Research on the innovativeness of small and medium manufacturers (SMMs) and their ability to support the generation and implementation of new business ideas was the basis of this project. Research questions were developed to identify traits, behaviors, policies, and procedures that supported the encouragement of challenging the status quo. The design of an innovation support device was prototyped and tested across a sample of the target audience. The implementation strategy and final artifact were developed to address the need of SMMs to support their ability to evolve in a rapidly changing manufacturing environment.
The scope of this project was the study of SMMs in and around southeastern Michigan in the period between September and November of 2014. A prototype for an in-depth survey, an interactive web application, and a recommendations data sheet were developed as part of this project. A video presentation and process book were created for public release.
This study did not develop any web applications. The survey did not extend to any companies outside the midwestern United States. The companies polled, interviewed or visited were not beyond the manufacturing or related sectors.
This journey started with the intent to create a tool for analysis and classification of SMMs to evaluate and support innovativeness. The research demonstrated that this type of tool would be beneficial to SMMs. However, new insights found throughout the process had presented new opportunities. Reframing the project from the design of an evaluation tool to an innovation support tool was chosen to be the new focus of this project.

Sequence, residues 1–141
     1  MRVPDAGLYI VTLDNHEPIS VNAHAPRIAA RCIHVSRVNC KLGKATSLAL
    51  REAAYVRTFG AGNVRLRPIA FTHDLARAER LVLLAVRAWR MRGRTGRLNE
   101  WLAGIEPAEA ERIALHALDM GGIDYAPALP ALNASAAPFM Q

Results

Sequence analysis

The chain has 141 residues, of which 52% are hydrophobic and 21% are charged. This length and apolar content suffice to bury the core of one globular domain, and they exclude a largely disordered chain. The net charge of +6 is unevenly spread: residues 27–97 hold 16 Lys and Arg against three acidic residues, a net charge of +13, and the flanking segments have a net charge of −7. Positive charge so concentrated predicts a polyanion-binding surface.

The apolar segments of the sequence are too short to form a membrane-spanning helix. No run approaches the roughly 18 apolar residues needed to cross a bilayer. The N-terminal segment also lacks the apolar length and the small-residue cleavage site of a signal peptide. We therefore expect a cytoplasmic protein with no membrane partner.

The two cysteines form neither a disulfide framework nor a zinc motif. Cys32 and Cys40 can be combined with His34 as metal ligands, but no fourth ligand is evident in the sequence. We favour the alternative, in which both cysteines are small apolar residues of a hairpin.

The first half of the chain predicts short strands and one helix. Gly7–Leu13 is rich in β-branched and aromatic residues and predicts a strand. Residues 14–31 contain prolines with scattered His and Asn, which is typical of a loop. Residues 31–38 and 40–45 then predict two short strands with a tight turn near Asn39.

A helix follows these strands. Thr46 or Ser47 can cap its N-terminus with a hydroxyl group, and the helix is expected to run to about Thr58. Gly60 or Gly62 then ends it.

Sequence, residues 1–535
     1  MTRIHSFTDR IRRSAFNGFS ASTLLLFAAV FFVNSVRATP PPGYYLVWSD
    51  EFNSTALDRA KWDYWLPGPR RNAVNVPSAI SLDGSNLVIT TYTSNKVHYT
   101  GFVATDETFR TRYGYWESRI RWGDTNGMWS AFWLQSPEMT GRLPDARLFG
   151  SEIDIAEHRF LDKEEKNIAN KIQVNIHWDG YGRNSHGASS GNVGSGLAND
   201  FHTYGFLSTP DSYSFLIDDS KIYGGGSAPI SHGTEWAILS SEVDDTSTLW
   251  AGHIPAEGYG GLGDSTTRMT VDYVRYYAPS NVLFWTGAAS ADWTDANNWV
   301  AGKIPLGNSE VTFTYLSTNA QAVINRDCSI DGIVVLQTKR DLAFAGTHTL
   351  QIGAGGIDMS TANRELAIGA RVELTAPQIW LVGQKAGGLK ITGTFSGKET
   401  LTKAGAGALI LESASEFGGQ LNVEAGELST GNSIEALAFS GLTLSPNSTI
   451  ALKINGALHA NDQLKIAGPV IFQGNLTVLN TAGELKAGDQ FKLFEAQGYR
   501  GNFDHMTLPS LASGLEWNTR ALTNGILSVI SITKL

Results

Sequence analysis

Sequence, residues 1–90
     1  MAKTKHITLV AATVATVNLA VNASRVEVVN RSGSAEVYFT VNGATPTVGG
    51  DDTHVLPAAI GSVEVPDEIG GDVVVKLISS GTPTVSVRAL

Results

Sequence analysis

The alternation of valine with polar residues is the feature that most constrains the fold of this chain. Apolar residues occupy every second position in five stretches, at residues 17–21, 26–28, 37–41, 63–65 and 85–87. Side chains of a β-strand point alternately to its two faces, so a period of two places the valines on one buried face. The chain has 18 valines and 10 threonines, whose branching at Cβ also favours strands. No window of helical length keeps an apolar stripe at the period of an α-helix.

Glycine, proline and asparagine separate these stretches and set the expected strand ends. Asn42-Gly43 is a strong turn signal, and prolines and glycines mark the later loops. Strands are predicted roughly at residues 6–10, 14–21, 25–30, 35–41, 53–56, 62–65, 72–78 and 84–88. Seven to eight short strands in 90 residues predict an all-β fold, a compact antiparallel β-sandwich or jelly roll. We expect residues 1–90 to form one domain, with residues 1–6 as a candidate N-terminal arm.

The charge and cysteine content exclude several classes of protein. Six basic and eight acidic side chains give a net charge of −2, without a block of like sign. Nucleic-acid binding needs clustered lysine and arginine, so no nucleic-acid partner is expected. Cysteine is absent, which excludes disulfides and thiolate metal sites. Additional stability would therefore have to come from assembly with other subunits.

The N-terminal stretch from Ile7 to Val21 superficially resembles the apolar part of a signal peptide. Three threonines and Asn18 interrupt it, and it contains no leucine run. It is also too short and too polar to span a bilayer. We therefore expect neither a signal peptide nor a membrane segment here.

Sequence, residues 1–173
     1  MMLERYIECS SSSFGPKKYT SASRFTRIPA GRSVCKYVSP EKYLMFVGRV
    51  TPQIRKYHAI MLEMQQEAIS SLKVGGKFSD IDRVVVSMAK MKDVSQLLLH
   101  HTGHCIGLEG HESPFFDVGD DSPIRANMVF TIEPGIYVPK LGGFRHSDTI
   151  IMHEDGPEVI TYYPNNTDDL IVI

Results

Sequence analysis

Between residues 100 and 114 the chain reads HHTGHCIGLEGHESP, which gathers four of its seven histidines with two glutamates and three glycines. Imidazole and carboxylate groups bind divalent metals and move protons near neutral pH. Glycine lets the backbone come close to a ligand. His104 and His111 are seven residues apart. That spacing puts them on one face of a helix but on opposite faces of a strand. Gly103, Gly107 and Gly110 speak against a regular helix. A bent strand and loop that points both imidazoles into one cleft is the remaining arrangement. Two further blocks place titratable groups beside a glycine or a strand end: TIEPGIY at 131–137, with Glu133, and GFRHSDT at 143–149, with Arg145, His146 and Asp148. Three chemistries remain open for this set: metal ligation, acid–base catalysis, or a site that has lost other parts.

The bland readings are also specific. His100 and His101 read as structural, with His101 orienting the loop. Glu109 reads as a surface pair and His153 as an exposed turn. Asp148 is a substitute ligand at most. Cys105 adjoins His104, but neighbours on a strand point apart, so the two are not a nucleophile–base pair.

Final Artifact - Summary
The Vertical Innovation Kit (VIK) is a driver for SMMs to empower their workforces to generate ideas for continuous improvement of processes and systems on the shop floor. This design is for the increased communication between the workforce and leadership that will promote professional development and corporate values.
The final prototype includes:
- Personal Journal
- Team Log
- Large Format Visualizations
- Mobile Device Application
Though many organizations claim to be innovative, by definition only a small percentage actually are. Using the classifications of adopter categorizations as stated by Rogers (2003) there are five defined categories: Laggards, Late Majority, Early Majority, Early Adopters and Innovators. There are subtle distinctions between each category, but the use of new technology and processes or the change in business models does not make one innovative. The research has shown that innovation comes from bringing ideas to market and allowing those ideas gain acceptance to the point of widespread adoption.
The research conducted in the Design Innovation Project has led to an artifact that will support innovation category transition. VIK was designed to support and engage the workforce, empower individuals to follow through with their ideas, build a culture around teamwork and problem solving that will encourage category transition.